An American Lawyer’s Journey to Canadian Barrister-Solicitor
I am on a quick break from my dual duties of vigilantly representing my clients, and dutifully grading student papers. First, to all of my fellow brethren in Canada, I hope everyone is having a contemplative and special Remembrance Day. Now, onto the purpose of this blog post.
Recently, my spouse approached me, asserting that I really should post a comment about the process that I underwent in becoming licensed for legal practice in Canada. What was it like to have successfully practiced throughout the United States for eighteen (18) years, only to have to literally start from scratch in Canada?
The process was not an easy one — I do not believe that it was designed to be easy. Despite the similar nature of practice and law between the U.S. and Canada — one premised upon the common law — the process for becoming qualified in Canada was not designed with a U.S. expatriate attorney in mind. Rather, it was intended to apply with some uniformity, regardless of whether the lawyer hails from Orlando, Florida, or from Karachi, Pakistan, or from Accra, Ghana. With that perspective, was it a bit unnerving to — after some many years of practicing — to have to leap through those proverbial ‘hoops.’ Absolutely.
Again, you try to keep things in perspective. One of my favourite quotes comes from the German philosopher, Friedrich Nietzsche. Indeed, one of the few things I get from studying Nietzsche — with his rather sordid history and his use as an inspiration for a sordid, corrupt national identity — was his quote that (and I am paraphrasing) “if it doesn’t kill you, it can only make you stronger.” This is one of the two credos to which I have abided by since my college days — the other being the Latin phrase “Cape locum et fac vestigium,” take a stand and make a mark.
Over the course of four-plus decades of existence, you come to fully understand the nature of personal and professional challenges. Hopefully, people learn to ‘rise to the occasion,’ and to take whatever steps necessary to overcome, achieve, and turn possible liabilities into decided assets. My challenges in becoming a barrister-solicitor seem mild compared to other life challenges. Let me explain the process that is required for “internationally-trained lawyers” from other, common law nations, to transition into practice in Canada.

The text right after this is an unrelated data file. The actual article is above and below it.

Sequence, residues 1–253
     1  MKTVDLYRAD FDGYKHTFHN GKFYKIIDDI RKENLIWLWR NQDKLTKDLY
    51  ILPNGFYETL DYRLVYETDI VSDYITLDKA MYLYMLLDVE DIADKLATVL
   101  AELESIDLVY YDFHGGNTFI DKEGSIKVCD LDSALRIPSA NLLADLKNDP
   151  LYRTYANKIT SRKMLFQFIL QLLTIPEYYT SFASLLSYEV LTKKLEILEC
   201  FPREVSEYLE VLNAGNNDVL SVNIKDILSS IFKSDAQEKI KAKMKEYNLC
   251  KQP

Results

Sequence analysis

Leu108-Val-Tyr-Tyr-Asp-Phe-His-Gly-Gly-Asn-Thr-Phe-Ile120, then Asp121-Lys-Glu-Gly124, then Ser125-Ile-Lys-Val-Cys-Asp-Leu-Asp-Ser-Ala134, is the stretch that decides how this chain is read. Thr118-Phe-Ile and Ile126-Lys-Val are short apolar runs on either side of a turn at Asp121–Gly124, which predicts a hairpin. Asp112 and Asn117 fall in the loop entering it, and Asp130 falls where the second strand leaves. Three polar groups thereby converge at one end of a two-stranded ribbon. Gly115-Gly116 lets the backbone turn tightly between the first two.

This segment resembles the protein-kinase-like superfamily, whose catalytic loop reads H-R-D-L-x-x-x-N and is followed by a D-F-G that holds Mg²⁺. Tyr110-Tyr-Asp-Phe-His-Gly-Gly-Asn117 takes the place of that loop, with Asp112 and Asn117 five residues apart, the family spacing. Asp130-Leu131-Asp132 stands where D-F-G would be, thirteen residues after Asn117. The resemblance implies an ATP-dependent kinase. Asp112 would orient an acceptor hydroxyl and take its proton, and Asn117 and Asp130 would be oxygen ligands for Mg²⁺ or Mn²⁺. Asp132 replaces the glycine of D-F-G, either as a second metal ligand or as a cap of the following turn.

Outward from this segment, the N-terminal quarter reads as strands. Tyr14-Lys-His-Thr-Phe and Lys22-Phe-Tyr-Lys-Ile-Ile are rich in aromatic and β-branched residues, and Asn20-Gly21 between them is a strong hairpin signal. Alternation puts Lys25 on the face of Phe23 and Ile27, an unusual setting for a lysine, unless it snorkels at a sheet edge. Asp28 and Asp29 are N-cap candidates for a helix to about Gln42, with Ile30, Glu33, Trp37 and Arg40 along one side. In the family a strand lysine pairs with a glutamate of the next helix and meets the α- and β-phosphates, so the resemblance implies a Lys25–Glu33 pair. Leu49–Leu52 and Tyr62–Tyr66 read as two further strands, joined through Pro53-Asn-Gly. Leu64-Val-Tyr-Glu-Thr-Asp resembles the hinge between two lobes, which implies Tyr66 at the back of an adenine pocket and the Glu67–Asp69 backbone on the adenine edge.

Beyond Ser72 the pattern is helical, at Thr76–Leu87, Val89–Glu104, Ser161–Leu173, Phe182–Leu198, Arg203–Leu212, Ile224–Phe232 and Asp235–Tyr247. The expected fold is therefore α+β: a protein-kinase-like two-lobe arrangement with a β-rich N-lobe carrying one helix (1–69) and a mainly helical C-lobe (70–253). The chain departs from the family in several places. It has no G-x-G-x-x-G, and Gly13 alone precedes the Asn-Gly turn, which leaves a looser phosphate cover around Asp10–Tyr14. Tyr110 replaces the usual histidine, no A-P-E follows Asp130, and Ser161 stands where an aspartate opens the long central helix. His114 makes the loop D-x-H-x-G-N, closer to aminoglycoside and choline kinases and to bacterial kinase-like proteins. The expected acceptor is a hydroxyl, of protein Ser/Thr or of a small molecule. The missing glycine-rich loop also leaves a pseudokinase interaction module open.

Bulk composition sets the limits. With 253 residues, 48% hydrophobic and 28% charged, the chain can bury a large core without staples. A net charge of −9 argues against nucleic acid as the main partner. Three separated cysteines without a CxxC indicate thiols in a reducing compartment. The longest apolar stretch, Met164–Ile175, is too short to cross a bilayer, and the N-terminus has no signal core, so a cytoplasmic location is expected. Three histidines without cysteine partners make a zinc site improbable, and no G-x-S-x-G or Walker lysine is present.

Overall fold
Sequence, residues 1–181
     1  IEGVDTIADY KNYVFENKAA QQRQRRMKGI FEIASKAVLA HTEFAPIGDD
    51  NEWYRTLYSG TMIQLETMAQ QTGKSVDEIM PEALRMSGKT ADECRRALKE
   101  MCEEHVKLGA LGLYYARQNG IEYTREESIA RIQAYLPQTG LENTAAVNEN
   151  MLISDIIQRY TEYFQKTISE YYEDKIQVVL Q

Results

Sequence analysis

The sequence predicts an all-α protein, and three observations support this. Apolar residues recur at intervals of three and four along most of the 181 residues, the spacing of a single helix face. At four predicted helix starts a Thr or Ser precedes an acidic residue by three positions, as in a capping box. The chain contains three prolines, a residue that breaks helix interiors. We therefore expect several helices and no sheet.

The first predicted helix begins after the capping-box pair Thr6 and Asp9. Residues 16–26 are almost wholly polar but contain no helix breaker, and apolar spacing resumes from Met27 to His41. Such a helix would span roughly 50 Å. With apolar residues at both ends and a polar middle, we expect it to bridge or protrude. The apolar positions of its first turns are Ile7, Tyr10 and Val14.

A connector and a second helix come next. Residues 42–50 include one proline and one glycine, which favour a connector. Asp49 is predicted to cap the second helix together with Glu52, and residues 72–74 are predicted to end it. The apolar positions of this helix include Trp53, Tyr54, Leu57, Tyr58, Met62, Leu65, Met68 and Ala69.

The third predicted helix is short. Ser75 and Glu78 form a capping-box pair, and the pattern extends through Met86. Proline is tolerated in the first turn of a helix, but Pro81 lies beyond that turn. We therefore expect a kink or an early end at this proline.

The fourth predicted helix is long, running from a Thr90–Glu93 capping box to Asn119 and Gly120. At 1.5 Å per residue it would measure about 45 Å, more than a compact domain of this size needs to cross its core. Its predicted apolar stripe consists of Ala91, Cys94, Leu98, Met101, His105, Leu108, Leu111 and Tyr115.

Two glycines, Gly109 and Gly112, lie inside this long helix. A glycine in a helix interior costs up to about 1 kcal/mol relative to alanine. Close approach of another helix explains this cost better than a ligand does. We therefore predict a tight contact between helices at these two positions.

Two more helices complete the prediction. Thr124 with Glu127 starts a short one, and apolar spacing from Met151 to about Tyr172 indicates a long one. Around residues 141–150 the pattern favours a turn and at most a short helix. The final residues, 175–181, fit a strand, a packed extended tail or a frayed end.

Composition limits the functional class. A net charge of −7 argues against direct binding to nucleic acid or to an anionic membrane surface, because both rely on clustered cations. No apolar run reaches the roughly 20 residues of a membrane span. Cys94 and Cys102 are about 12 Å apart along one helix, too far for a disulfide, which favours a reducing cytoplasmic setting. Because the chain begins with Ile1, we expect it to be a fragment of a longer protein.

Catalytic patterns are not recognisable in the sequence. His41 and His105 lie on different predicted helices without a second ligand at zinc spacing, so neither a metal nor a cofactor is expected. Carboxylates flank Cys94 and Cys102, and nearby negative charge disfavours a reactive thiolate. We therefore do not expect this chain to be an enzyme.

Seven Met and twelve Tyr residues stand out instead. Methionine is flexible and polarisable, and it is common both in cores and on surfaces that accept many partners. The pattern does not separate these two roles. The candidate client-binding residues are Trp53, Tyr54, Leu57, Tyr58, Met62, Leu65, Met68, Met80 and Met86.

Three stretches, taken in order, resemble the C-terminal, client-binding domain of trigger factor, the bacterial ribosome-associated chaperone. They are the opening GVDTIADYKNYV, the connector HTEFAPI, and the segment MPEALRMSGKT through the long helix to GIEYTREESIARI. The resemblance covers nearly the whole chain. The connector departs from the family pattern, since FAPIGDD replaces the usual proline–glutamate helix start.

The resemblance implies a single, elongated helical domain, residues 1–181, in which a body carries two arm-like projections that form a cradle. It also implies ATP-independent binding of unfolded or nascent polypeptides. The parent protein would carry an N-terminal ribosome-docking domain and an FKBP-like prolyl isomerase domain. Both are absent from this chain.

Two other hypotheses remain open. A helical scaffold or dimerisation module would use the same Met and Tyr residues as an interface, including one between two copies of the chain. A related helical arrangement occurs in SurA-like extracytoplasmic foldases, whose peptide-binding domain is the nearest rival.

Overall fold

First, the internationally-trained lawyer (“ITL”) needs to apply to the National Committee on Accreditation (“NCA”), based in Ottawa. The NCA is an organization that is universally accepted by the provincial bar societies for providing the initial, subject-matter testing to ITLs. Passage of these long-essay exams allows for the ITL to sit for a provincial bar examination — in my case, the Nova Scotia Bar Exam. The NCA can assign an applying ITL as few as four (known as the “Core 4”), or as many as over a dozen, separate subject-matter exams. In my case, the NCA assigned me five exams — the Core 4 exams of Administrative Law; Criminal Law; Constitutional Law; and Foundations of Canadian Law, alongside the fifth exam, Corporate Law.
The normal practice is to take anywhere from 1-3 exams during any of the quarterly sittings for the exams. Obviously, I was in a bit of hurry to resume my practice career. So, I took all five (5) exams over a four-day period. Aside from the temporary damage these exams caused to my writing hand — assuming a ‘claw-like’ appearance by the end of the fourth day — my intensive study habits paid off. Of course, I had to wait approximately 3.5 months before I discovered that I had passed each of the five exams.
From there, I applied for admission to the Nova Scotia Barristers’ Society, and commenced studying for its exam. Now, this study experience proved altogether different, aside from my also working a full-time teaching position in a local paralegal studies program. The thrust of the Nova Scotia Bar Exam is several subjects — spanning the entire range of law, including many of the subjects tested at the NCA level. Further, while the NCA exam’s reputation was to ‘vomit’ every bit of knowledge onto paper, the Nova Scotia Bar Exam is very much a situational exercise, whereby the test taker does not use bludgeon the exam questions, but instead applies a stiletto-like, honed approach to its hypothetical scenarios.
Fortunately, the final two weeks of my bar exam studies were capped by my meeting with a couple of colleagues/friends, one being another ITL, and the other a new articling lawyer (but with a tremendous amount of sense, perspective and life experience). The group experience was very much a deja vu, returning me to times from first-year in law school, 1993. It worked — the three of us crammed, together, reviewing all available study materials, debating one another and providing extraordinary insight that built on each individual’s own knowledge and learning methods. Bottom line: I passed, and felt that I did so with relative ease.
So, here I am — an American attorney, with the same experiences, ambitions and work ethic — practicing as a Nova Scotia Barrister/Solicitor. It really is a different ‘scene’ up here in the Great White North. The practice of law is more sensible, and certainly, seemingly far less cutthroat to what I experienced in both Washington, DC, and Orlando, Florida.
Was it a good move on my part? I believe so. I cannot second-guess my decision to abandon my successful practice in Florida; indeed, this move will likely bring a better of personal and professional fulfillment than any I hoped to experience in Florida. Perhaps, the extraordinarily gifted Broadway lyricist, Stephen Sondheim, said it best in his “Sunday in the Park with George.”
Stop worrying where you’re going—move on.
If you can know where you’re going, you’ve gone.
Just keep moving on.
Moving on …. 😉